At least the Buds Pro allowed you to manually switch between two different noise-canceling modes, which is missing here. But one thing I especially like about the ANC quality on these earbuds is just how clean everything sounds. And how effortless it feels.
This might not apply to everyone but I didn’t feel any sort of pressure build-up when using ANC for long hours on the Buds 2 Pro. There’s no white noise when turning on noise cancellation either, and all noise that ultimately manages to sneak in sounds natural too. And I’m also really impressed with just how better “Ambient Sound” is this time.
Ambient Sound mode is a great here
This feature basically lets you hear what’s happening around you without having to take the earbuds off. The only problem was that the previous generations of Galaxy Buds had an eerie—almost unsettlingly metallic—tone in human voices.
But I’m absolutely loving the near-natural ambient mode that Samsung has been able to pull off with the Buds 2 Pro. The AirPods Pro’s “Transparency Mode” is still the gold standard for me because my own voice still sounds somewhat synthesized here. That reminds me, the Buds 2 Pro also supports “Voice Detect”, which automatically triggers ambient mode when you start talking.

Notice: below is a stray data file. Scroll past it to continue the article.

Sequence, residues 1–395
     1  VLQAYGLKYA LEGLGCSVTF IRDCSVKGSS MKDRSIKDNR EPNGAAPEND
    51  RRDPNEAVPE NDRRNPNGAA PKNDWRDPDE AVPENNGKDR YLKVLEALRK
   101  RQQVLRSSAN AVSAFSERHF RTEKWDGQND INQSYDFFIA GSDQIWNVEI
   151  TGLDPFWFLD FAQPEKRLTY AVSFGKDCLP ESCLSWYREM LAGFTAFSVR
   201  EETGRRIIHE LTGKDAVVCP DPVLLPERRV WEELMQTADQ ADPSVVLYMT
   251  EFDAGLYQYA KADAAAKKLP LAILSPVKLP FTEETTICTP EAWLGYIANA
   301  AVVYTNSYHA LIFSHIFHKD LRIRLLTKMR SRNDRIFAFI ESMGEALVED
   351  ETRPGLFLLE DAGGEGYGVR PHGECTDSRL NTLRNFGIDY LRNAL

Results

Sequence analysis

I must say it’s pretty effective—but also sometimes a bit too effective. It is smart enough to not go off when I’m yawning, mumbling, or speaking in hush tones, sure. But on multiple occasions—both indoors and outdoors—it activated on its own, seemingly based on other people talking around me.
So until Samsung fixes this, I’m keeping Voice Detect disabled on my Buds 2 Pro. And I must say that I am also a little surprised to see no ambient sound volume control on these earbuds, which is something I found truly useful on both Buds Pro and Buds 2.
Audio & Call Quality
- Dual-speaker setup (10mm woofer, 5.3mm tweeter)
- AAC, SBC, SSC (Samsung Seamless Codec)
- 3 High-SNR mics (2 out, 1 in) + Voice Pickup Unit + Wind Shield
Okay, let me now talk about the audio quality of this thing. As I mentioned in the very beginning, Samsung had already delivered a few great-sounding earbuds before this, so it didn’t really have to do much in the audio department with the Buds 2 Pro. Matter of fact, both the tweeter and woofer driver units are smaller here to make up for the compact design.
But let me be clear that driver size alone doesn’t make much of a difference in terms of perceived audio quality. And these earbuds sound incredible!